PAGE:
By Jennifer Cannon
University of Georgia
"I'm removing EPD imposed restrictions because we're no longer confronted with a drought emergency situation," said Harold Reheis, director of the Environmental Protection Division of the Georgia Department of Natural Resources.
However, he said, "it's important for all of us to recognize the environmental and economic benefits that derive from wise and conservative use of our shared waters."
Above-normal rains that started in September are improving all five of the indicators used to define water conditions: rainfall, soil moisture, stream flows, lake levels and groundwater level.
Groundwater levelsOf the five, state climatologist David Stooksbury said groundwater levels are recovering at the slowest rate. But they're improving, he said, according to U.S. Geological Survey monitoring wells.
Stooksbury, a biological and agricultural engineering professor with the University of Georgia College of Agricultural and Environmental Sciences, said most of Georgia got little rainfall, though, in the first two weeks of 2003.
And the old adage that Georgia is only two weeks away from a drought, he said, is true. Depending on when in the growing season it happens, a lack of rain over two weeks can cause significant yield or quality loss in Georgia farm crops.
Landscapes can be much hardier.
Turf tougher than you think"Garden vegetables and flowers need water frequently," said Jim Hook, a University of Georgia soil and water management scientist. "But most lawn grasses and established shrubbery don't need nearly as much as some homeowners put out."
Hook's research shows that some grasses -- centipede, particularly -- can survive without water as long as six weeks without suffering and then green up quickly after just one rainfall.
"Healthy lawns help cool excess heat from paving and rooftops and visually soothe us," Hook said. "But rainfall can provide most of the water lawns need to survive."
He adds that as other states have learned, Georgians will have to decide how much water will be used to keep lawns perpetually green and how much will be used to support future economic growth.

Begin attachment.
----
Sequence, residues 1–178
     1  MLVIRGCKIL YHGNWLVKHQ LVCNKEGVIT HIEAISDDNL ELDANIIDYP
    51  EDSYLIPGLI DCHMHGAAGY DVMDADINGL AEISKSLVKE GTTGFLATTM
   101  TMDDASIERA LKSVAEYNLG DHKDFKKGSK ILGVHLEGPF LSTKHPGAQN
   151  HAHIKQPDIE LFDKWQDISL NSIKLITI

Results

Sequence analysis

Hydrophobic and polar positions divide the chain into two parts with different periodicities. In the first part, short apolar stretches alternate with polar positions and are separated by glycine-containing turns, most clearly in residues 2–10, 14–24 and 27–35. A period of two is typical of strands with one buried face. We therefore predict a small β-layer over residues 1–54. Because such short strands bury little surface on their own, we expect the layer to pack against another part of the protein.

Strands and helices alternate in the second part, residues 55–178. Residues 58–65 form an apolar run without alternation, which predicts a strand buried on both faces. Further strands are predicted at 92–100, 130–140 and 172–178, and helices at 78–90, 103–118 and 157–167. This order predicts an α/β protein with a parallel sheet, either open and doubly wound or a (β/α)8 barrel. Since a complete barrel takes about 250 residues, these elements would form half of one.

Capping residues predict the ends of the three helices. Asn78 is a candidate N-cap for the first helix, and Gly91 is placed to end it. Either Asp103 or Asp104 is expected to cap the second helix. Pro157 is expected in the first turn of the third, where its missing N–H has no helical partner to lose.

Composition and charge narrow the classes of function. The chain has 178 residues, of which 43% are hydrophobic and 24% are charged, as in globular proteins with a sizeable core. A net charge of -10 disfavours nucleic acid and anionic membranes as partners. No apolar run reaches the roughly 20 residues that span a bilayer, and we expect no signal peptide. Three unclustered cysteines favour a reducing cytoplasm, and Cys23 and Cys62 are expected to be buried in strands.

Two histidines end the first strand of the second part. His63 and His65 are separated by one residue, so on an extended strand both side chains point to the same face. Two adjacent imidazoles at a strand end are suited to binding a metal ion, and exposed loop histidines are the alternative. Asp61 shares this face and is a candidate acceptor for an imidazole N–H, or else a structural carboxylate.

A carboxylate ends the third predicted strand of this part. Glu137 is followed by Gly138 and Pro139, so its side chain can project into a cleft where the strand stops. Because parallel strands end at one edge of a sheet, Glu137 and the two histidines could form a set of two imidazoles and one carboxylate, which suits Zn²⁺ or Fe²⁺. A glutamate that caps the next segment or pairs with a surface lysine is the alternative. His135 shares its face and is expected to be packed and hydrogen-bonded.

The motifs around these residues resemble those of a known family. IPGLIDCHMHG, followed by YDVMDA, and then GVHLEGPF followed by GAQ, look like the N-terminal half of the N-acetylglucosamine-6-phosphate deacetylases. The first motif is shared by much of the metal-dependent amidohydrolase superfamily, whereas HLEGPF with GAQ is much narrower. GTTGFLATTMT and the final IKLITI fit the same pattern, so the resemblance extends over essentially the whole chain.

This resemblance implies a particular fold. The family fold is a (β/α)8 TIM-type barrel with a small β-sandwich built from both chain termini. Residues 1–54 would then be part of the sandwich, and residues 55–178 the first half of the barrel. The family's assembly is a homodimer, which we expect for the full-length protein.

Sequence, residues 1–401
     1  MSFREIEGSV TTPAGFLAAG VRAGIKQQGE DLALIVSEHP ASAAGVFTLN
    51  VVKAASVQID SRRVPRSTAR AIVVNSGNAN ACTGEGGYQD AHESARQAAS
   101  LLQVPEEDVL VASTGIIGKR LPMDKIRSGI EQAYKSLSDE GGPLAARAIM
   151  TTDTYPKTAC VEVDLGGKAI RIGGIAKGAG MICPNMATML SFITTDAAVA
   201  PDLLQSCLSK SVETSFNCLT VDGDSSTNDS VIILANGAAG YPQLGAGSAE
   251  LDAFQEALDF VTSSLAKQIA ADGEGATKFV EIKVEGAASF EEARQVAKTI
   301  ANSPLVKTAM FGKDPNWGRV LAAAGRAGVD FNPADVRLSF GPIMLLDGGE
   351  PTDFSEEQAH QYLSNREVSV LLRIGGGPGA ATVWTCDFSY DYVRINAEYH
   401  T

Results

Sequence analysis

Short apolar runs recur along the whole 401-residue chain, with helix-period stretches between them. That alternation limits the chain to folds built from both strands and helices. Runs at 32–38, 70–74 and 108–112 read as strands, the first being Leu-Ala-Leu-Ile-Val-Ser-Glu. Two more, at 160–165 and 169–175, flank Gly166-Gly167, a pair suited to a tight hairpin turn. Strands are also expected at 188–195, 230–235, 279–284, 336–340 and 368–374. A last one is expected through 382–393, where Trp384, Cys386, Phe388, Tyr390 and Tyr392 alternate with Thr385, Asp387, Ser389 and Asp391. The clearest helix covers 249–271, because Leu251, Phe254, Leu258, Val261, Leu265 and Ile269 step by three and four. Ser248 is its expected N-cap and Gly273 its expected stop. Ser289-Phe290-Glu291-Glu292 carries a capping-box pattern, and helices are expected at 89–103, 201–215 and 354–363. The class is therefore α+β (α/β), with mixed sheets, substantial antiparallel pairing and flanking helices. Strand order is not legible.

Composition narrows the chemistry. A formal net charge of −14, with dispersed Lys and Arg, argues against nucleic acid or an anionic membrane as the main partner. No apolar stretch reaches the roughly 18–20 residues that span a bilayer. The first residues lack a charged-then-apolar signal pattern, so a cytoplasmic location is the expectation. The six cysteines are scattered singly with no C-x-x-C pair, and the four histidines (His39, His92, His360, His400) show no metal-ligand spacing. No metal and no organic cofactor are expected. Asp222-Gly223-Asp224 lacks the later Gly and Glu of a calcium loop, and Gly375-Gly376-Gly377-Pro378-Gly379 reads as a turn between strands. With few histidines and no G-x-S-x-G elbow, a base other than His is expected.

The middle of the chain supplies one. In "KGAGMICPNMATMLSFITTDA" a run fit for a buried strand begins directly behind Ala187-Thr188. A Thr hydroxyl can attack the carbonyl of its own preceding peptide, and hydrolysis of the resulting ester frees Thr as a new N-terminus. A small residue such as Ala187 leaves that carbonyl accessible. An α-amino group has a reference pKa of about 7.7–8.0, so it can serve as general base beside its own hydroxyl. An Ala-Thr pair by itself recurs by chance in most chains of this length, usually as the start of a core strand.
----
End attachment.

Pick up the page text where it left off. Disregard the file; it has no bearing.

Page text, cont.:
Making senseHook said using water-saving measures makes both conservation and economic sense.
"Paying to pump water from reservoirs, through the system and onto areas that don't need it is just wasting money as well as water," he said. "In addition, using excess water increases the infrastructure needed to supply that water -- larger reservoirs, larger water treatment plants and more powerful pumping systems."
Using water carefully can not only lower your water bill, but can cut the taxes that go toward the water infrastructure.
Water decisionsGeorgians make water-conservation and economics decisions every day. Will it be worth it to turn the water on? For the homeowner, that may depend on whether you're willing to pay a higher water bill to keep your lawn green. For farmers, the question may be more like whether the cost to run the irrigation system will be worth the potential increase the crop's yield or quality?
Hook said all Georgia water users need to keep the limited resource and other users in mind.
"While it appears that production agriculture uses a lot of water," he said, "you have to keep in mind that it's only a small fraction of the annual rainfall that runs out of the state each year. But farmers bear the responsibility of sharing that water with other users and with those downstream."
You can find more information about using water wisely at http://www.georgiadrought.org.